• declarations: Elements whose names end with the suffix Decl (e.g. subjectDecl, refsDecl) enclose information about specific encoding practices applied in the electronic text; often these practices are described in coded form, but they may be described in prose as well. Typically, such information takes the form of a series of declarations, identifying a code with some more complex structure or description.
  • descriptions: Elements whose names end with the suffix Desc (e.g. <settingDesc>, <projectDesc>) contain a prose description, possibly, but not necessarily, organized under some specific headings by suggested sub-elements.

28. File Description

  • has some mandatory parts:
    • <titleStmt>: provides a title for the resource and any associated statements of responsibility
    • <sourceDesc>: documents the sources from which the encoded text derives (if any)
    • <publicationStmt>: documents how the encoded text is published or distributed
  • and some optional ones:
    • <editionStmt>: yes, electronic texts have editions too
    • <seriesStmt>: and they also fit into "series".
    • <extent>: how many floppy disks, CDs, gigabits?
    • <notesStmt>: nuff said

NB A "file" may actually correspond with several operating system files.

29. The File Description

  • <titleStmt>: contains a mandatory <title>which identifies the electronic file (not its source!)
  • optionally followed by additional titles, and by ‘statements of responsibility’, as appropriate, using <author>, <editor>, <sponsor>, <funder>, <principal> or the generic <respStmt>
  • <publicationStmt>: may contain
    • plain text (e.g. to say the text is unpublished)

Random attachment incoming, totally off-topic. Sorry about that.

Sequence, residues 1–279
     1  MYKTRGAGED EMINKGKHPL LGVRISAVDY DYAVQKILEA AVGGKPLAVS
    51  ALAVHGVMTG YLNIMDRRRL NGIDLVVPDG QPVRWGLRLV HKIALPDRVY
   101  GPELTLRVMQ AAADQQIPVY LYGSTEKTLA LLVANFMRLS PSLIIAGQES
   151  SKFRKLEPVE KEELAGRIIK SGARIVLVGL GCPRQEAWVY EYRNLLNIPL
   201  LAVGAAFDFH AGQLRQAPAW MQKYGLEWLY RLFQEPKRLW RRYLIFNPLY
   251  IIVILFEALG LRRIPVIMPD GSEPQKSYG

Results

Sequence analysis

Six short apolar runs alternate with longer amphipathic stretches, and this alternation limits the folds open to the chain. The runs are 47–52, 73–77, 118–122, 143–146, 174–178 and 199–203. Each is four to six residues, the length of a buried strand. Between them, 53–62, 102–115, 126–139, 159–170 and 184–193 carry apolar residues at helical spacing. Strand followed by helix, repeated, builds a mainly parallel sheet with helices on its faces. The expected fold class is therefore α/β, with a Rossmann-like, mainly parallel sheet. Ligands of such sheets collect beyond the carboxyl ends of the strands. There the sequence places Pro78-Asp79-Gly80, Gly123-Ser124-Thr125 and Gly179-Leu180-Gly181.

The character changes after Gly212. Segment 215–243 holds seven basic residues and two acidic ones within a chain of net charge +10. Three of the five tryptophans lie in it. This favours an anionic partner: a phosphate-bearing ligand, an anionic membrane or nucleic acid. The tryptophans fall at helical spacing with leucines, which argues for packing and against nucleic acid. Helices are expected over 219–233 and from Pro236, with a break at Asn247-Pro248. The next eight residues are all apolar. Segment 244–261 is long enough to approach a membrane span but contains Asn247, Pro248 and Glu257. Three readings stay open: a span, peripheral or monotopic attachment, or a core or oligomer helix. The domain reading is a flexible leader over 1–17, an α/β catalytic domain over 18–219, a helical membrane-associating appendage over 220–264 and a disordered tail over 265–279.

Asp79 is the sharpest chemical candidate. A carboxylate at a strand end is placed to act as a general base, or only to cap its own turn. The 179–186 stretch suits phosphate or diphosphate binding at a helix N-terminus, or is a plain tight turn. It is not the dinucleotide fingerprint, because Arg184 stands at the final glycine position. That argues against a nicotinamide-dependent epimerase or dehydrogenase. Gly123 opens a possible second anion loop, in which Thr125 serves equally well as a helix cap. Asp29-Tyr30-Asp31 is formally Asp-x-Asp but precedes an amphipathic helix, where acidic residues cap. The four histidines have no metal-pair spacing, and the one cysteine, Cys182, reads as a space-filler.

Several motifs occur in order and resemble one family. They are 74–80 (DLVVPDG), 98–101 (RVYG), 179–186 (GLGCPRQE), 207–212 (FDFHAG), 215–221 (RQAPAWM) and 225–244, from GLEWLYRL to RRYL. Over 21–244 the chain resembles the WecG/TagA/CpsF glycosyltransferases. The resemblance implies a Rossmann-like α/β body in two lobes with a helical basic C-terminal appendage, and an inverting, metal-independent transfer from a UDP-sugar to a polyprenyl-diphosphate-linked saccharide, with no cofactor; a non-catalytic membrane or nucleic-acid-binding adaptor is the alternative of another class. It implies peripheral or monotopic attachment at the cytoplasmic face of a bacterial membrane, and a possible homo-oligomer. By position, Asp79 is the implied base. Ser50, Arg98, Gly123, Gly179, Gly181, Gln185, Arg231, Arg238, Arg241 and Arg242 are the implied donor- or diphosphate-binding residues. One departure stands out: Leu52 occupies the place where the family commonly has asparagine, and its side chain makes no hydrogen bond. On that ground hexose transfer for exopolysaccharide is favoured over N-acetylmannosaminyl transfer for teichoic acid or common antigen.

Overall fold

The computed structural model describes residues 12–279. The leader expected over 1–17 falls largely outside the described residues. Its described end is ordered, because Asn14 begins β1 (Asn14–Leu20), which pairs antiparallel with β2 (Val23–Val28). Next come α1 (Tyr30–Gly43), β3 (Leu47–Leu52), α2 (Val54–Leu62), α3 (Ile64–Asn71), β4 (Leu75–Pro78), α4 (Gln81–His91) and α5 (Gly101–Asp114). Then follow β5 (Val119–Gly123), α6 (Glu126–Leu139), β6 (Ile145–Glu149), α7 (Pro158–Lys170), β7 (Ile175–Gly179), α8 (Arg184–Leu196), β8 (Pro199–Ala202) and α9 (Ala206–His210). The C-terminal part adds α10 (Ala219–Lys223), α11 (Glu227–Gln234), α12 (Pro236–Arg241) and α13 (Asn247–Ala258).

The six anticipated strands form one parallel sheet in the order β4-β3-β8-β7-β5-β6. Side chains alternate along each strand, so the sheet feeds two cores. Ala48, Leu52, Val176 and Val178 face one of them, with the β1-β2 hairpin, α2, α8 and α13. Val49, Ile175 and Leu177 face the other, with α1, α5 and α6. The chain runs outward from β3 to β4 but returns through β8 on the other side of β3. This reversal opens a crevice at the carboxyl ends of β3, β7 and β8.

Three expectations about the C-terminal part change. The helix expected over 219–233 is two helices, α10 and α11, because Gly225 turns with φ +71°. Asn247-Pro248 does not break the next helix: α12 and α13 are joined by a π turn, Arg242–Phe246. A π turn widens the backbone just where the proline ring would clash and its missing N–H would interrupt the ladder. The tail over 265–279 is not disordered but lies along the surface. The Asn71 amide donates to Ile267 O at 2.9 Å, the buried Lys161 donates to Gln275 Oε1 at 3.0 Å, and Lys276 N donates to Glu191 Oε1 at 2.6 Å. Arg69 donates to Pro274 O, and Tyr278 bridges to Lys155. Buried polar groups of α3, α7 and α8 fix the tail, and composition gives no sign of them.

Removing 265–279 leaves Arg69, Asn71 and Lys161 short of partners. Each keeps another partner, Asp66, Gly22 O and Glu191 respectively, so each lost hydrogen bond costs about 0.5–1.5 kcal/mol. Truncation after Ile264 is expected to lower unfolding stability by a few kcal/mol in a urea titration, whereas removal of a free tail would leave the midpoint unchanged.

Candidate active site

• one or more <publisher>, <distributor>, <authority>, each followed by <pubPlace>, <address>, <availability>, <idno>

30. The Source Description

Most electronic texts were not ‘born digital’: their source/s need specification in traditional bibliographic style
  • <bibl>, <biblStruct>
  • (for texts which were born digital): <biblFull> may contain a nested <fileDesc>
  • <listBibl> a list of the foregoing
  • prose description
  • more specialized elements are available for spoken texts (<recordingStmt> etc.) and for manuscripts (<msDescription>)

31. For Example

 <bibl> "The Legend of Sleepy Hollow", published in The Works of Washington Irving (New
   York, Putnam, 1861) </bibl>

32. Association between header and text

By default everything asserted by a header is true of the text to which it is prefixed. This can be over-ridden:
  • as when a text header over-rides or amplifies a corpus-header setting
  • when model.declarable elements are selected by means of the decls attribute (available on all model.declaring elements)
  • using special purpose selection/definition elements e.g. <catRef> and <taxonomy> (see below)
Most components of the encoding description are declarable.

33. Encoding Description

<encodingDesc> groups notes about the procedures used when the text was encoded, either summarized in prose or within specific elements such as
  • <projectDesc>: goals of the project
  • <samplingDecl>: sampling principles
  • <editorialDecl>: editorial principals, e.g. <correction>, <normalization>, <quotation>, <hyphenation>, <segmentation>, <interpretation>
  • <classDecl>: classification system/s used